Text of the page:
As I leave the Mein Schiff 1 in Bilbao for a quick trip to the supermarket, I see the amazing crew members working on cranes on the ship’s outer hull. They are painting areas that have been affected by docking, the anchor, or other elements on sea. Every night, the entire ship is hosed down, the lifeboats are maintained, and every detail is ensured to shine. For saltwater is a persistent adversary to all surfaces. Corrosion, rust, or loss of propulsion systems are just some of the things that can happen if you neglect your ship.

On my way to the harbor building, I turn once more to the cranes and the crew members, thinking to myself, “In the end, this is the secret to a long and happy life.”

Just as a ship requires constant maintenance, so do you need this care for your mind and body. Those who immerse themselves too deeply in the negative world of news and meaningless discussions are daily attacked and impaired by the “saltwater.” And I consciously emphasize impaired. Because what you don’t consciously neglect is unconsciously processed in your brain. What I mean is, once a piece of information enters your brain, it cannot be deleted. In is in. I realized this when I watched a documentary in our cabin a few days ago. Do you know those news tickers that run along the bottom of the screen in some programs, displaying the latest (or worst) news that is currently happening? Those tickers are quite cleverly designed. Because where there’s movement, your eye is inevitably drawn. And in a split second, I glanced at that ticker and was immediately bombarded with the first horror report of the day. It’s not as if there are joyful things written to make viewers feel better. Quite the opposite. Those things are like saltwater waves crashing daily against the hull of your ship on the high seas of life.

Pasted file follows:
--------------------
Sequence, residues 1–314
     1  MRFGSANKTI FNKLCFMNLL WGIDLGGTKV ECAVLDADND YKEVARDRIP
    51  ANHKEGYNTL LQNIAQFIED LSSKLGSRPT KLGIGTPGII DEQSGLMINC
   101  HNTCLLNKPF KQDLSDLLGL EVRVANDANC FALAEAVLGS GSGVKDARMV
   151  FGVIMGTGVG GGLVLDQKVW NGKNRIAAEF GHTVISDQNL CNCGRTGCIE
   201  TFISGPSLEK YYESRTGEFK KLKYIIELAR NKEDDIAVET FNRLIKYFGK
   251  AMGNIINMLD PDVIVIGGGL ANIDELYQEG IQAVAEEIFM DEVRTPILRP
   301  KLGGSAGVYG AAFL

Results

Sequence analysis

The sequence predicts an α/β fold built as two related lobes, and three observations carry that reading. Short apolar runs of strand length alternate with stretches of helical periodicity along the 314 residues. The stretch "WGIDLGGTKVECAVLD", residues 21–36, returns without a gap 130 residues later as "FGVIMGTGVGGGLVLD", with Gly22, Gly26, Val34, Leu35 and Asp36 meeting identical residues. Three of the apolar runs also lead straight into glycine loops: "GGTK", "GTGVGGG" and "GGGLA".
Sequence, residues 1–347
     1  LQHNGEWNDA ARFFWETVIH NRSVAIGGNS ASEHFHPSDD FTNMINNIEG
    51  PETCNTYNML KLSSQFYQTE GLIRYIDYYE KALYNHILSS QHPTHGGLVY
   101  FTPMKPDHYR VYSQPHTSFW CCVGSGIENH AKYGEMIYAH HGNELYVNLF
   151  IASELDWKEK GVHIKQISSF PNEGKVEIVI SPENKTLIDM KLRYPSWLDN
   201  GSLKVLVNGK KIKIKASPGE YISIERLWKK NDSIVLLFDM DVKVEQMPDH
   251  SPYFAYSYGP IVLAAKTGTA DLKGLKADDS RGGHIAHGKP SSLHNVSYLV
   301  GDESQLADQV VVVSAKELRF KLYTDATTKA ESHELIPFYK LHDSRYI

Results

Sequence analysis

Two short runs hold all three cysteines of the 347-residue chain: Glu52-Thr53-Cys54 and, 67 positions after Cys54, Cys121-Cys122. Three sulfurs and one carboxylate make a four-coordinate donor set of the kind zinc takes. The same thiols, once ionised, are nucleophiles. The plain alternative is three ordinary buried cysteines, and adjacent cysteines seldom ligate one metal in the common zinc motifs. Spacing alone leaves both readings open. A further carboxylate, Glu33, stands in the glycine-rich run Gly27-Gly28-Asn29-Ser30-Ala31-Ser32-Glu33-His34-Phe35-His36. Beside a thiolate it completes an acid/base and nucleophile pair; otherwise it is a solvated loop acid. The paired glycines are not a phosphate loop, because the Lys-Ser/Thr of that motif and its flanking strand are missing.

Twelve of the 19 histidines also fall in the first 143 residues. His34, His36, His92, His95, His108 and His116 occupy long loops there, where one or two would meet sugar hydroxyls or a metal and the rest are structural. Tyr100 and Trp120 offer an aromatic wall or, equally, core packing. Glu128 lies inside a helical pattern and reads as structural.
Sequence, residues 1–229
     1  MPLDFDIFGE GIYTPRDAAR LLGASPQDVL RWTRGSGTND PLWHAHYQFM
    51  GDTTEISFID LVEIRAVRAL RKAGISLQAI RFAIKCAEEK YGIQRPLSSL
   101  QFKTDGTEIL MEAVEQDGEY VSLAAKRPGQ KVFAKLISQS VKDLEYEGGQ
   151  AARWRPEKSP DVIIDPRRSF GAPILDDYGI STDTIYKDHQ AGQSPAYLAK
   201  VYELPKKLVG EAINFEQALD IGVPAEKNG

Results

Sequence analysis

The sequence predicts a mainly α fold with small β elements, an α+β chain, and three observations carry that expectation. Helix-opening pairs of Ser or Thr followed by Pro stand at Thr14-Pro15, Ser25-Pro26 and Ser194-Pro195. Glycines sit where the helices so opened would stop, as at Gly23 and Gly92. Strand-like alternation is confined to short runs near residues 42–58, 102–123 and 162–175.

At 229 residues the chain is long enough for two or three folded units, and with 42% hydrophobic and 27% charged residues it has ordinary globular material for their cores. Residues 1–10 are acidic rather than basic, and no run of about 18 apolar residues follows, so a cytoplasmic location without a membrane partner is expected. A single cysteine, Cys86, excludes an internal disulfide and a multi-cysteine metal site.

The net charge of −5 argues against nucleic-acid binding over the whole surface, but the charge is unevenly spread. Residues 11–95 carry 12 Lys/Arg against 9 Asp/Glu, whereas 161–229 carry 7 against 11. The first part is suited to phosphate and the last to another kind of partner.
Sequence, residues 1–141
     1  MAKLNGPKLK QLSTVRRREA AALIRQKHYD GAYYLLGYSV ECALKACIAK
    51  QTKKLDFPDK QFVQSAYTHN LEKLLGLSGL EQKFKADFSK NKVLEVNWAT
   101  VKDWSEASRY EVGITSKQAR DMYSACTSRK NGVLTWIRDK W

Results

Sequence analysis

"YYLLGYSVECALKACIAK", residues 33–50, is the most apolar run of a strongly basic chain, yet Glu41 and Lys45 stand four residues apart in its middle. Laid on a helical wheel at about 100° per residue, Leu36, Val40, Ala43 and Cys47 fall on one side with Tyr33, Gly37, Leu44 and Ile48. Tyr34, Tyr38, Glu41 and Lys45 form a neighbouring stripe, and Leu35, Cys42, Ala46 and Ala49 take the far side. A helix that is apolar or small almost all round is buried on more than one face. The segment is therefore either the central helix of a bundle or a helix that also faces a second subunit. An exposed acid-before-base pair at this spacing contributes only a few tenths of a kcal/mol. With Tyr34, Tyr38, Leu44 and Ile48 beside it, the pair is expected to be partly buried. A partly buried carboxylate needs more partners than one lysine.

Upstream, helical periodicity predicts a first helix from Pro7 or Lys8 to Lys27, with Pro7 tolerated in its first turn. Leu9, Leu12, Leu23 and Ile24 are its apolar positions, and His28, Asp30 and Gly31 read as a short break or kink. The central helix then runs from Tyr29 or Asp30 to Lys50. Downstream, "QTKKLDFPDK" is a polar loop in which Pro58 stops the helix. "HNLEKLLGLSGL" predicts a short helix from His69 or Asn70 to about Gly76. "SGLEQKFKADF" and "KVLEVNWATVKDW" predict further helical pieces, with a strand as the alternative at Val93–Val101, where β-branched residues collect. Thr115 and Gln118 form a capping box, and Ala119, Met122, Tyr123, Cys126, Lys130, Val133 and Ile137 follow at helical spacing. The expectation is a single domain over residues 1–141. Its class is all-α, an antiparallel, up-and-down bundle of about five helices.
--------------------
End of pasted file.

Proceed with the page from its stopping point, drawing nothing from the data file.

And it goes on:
So, what’s the solution? Reading or hearing something positive just once? Attending a lecture once? And then what? Are you hoping that this one-time protection will shield your personal ship against all external attacks for the next 50 years? Like “once time is enough”? If you want to live a long and happy life, you should regularly engage with positive things around you. Meet visionary people, positive role models, those who can tell you more about your brain, your behavior, and the impact of certain things on your life. How often should you do this? My mentor, Bob Proctor, used to say, “Personal development is something you must do every day for your entire life. Until the wooden box closes someday.”

Whether you join a community like our Caribbean Rebels, read personal development books regularly, or take some other action in that direction, is ultimately your decision. The important thing is that you do it. Not for me or because I think it’s great. Do it for yourself, and perhaps through that, you’ll become aware that being surrounded by the right people and informations will bring you much more joy and fun in life.